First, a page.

We need to focus on the core issue
No, not the rights of possums and the need for habitats (although I might cover that another time – the problems of urbanisation and the impact to native fauna is a big issue). However, the solution is not to let them live in our house.
We could go through the same approach again, but, frankly, it was exhausting and it hasn’t worked long term. That’s because the possum has found another way in, specifically through the next door home we’re attached to. We’ve covered our bases, and our lovely neighbours, who rent next to us, have still been battling the possum plague in their home (and suffering as a result). The barriers we’ve installed between the two homes clearly aren’t working (probably because we’re not builders). It needs to be fixed properly.
This means taking it up with the landlord who rents the next door home. It means being prepared for their potential resistance to fix their property. Confrontation with people can be harder than with animals – but it needs to be done. So it’s time to step up and deal with one of a number of maintenance issues we’ve shied away from raising, because of the potential fallout. It’s time to start adulting and tackle the negotiations. Sigh.
Other people take these matters to a far greater extreme
I’d thought my husband was somewhat obsessed when I’d watch him set up camp for the night in the attic, night after night.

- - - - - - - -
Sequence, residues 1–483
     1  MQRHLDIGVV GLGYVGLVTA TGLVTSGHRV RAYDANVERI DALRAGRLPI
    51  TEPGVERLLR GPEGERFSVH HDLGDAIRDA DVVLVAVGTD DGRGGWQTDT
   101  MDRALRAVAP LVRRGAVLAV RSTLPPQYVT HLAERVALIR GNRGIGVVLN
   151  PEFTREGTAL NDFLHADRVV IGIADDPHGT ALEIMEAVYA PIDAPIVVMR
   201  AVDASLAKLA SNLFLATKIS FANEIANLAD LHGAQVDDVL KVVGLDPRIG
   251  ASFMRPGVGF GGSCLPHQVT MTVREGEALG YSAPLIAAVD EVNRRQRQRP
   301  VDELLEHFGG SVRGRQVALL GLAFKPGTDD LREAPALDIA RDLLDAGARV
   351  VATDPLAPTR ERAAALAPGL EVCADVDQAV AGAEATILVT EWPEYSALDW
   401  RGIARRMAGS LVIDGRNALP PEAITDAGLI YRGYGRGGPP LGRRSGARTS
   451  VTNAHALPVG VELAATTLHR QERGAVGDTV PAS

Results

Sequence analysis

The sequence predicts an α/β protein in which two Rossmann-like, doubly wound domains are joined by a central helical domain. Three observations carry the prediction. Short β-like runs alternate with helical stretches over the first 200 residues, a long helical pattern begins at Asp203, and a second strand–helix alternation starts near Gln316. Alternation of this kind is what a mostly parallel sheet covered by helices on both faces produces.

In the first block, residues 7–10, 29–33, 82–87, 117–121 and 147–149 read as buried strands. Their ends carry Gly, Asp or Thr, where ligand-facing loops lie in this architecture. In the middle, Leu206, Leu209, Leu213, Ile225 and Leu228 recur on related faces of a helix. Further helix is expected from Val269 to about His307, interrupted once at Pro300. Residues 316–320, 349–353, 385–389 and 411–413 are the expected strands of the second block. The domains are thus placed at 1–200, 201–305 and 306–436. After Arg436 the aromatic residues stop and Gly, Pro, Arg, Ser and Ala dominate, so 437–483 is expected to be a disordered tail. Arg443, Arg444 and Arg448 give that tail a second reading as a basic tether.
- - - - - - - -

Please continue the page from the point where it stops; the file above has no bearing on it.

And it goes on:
Then I listened to the start of an episode of This American Life, called ‘When the Beasts Come Marching in‘. When you listen to the lengths the elderly man has gone to to try and remove the woodpecker from his home (with humane, but completely ineffective, measures), I realise my husband was completely sane in comparison. Good to know (and funny to listen to)!
In summary, I’ve learned a lot through this experience. I guess it hasn’t been completely a disaster (or maybe I’m trying to put a positive spin on it). But I’ve learned them now – and Mr Possum, it’s time to find a new home. Permanently.
Have you ever been in a similar circumstance? Is it possible to get rid of possums for ever?
And do you have any tips for dealing with landlords or rental agents which received results? (Any advice gratefully received!)
*although (before anyone rings animal protection) we haven’t used anything that’s poisonous or in any way harmful (just annoying). We know he’s protected. We know, we know.
**Again, removed within the legal guidelines. Eekk, we stick to regulations. As a bureaucratic, I can’t let go of my need to compile, as much as I might want to. The possum was safe. Which is why he kept coming back – grrr.